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How do we say " Love and intellect will prevail" in Latin? Thank you very much for your time. I mean love and prevail as a subject noun phrase. Thank you again.

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    Hi Burcu, and welcome to the site! Could you supply some more context, and more details about what exactly you want to convey? "Love" can mean a lot of things in English, and that affects the Latin translation.
    – Draconis
    Commented Jul 21, 2019 at 22:26

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'Vincent amor ratioque.'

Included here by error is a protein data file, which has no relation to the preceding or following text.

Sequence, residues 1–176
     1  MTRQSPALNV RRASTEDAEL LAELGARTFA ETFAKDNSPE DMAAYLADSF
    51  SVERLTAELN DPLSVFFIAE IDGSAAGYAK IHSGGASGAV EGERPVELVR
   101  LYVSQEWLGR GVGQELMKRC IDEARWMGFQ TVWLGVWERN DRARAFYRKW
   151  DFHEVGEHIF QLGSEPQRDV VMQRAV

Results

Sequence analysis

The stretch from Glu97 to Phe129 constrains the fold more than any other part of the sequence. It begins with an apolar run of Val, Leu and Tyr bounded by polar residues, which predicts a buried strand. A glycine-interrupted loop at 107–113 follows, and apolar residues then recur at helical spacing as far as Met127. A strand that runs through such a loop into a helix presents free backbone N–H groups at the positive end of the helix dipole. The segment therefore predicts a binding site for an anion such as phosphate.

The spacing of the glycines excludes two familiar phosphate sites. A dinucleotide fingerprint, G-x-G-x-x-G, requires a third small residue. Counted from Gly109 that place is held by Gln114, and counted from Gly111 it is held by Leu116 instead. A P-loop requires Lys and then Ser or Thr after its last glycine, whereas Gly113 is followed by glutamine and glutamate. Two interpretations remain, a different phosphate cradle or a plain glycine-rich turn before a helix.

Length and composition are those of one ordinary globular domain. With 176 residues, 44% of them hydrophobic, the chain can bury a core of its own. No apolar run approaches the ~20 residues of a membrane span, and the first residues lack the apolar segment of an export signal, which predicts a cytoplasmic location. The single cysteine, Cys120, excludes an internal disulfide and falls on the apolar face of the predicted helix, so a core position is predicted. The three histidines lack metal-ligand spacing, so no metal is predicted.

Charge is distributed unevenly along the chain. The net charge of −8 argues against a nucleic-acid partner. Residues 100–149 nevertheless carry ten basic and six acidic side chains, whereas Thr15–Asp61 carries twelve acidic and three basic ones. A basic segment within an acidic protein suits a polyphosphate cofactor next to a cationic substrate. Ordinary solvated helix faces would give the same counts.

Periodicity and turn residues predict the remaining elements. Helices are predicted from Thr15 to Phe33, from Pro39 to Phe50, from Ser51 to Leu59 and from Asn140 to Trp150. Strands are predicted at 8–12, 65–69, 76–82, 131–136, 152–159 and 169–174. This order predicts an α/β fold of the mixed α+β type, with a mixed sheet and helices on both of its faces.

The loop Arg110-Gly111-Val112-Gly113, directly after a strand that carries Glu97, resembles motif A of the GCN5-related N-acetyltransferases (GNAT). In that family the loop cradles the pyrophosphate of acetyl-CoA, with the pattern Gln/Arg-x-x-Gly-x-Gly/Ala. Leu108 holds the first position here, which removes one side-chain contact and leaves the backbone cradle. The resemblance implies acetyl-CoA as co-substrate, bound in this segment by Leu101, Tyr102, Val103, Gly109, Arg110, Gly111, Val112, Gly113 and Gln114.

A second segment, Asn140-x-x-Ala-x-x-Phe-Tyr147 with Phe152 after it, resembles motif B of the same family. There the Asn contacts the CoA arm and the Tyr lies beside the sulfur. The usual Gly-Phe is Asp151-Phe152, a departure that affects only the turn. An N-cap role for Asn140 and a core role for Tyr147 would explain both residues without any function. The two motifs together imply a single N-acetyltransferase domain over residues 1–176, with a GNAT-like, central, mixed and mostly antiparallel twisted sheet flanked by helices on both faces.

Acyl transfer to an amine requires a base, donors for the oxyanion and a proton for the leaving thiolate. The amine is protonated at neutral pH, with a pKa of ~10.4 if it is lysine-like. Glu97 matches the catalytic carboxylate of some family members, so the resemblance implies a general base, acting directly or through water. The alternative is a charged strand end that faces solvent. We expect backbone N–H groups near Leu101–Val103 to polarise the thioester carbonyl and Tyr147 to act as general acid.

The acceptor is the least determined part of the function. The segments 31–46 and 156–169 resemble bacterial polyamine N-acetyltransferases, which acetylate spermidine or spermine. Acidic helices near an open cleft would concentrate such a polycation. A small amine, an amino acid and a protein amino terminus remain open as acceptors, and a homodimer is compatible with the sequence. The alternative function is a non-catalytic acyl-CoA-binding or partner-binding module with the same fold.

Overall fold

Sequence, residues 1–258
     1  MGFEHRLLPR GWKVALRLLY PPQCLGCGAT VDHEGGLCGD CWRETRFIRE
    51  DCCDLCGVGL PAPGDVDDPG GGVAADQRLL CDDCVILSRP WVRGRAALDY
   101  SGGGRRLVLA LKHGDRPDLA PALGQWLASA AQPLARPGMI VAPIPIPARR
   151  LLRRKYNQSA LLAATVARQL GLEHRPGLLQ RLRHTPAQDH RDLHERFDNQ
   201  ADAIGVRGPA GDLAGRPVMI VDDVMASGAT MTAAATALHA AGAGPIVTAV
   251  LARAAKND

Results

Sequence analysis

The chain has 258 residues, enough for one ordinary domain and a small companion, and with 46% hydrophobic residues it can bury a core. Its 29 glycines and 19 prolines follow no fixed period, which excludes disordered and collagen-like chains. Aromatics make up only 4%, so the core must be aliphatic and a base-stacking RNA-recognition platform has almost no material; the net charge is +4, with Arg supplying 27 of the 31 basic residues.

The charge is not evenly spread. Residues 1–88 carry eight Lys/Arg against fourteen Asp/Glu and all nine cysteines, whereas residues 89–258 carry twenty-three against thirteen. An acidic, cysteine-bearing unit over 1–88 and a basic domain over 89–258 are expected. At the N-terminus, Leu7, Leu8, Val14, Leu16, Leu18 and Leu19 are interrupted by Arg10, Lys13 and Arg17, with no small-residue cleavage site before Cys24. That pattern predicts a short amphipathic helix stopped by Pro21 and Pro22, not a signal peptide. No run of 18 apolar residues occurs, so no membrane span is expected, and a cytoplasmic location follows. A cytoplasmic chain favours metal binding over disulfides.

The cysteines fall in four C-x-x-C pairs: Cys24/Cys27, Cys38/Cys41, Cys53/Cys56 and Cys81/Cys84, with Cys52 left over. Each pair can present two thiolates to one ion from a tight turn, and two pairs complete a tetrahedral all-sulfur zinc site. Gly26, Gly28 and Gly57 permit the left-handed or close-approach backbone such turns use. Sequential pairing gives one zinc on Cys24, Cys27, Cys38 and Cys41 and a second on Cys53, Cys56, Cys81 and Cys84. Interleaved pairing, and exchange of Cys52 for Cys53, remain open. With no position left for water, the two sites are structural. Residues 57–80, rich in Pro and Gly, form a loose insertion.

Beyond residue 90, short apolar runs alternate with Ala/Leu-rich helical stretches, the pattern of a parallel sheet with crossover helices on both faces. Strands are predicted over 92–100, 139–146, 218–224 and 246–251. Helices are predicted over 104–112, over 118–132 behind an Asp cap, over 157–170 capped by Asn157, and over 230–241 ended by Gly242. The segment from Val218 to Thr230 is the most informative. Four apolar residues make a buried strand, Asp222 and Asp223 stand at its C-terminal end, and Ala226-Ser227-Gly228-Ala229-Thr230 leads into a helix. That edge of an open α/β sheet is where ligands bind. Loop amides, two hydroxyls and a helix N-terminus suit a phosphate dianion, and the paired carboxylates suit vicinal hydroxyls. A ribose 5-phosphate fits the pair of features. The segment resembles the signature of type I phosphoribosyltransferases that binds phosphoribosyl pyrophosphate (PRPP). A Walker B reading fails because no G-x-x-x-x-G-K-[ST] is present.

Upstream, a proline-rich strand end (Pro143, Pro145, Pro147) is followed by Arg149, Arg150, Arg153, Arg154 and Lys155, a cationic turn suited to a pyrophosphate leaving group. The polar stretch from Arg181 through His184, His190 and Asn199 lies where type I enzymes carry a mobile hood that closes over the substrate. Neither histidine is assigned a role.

means (word by word) vincent -they will conquer; amor -love; ratio-que - and-rationality, and-reason, and-good sense. ( -que is 'and').
'Love and reason will prevail.'

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"Ama ut ratio vincat."

Of course, that's if "Love" was a verb in English.

Also possible, "Ama et tunc intellectus vincet", but it feels weird to coordinate an indicative with an imperative, and it does feel like "conquer" is logically subordinate.

"Intellectus" may be the best noun, rather than "ratio". For example, compare "intellectus agens" as a technical phrase.

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  • İf I use intellectus as the noun will it take "que" again as in "ratioque" to give the meaning "and"? Commented Mar 11, 2023 at 21:11

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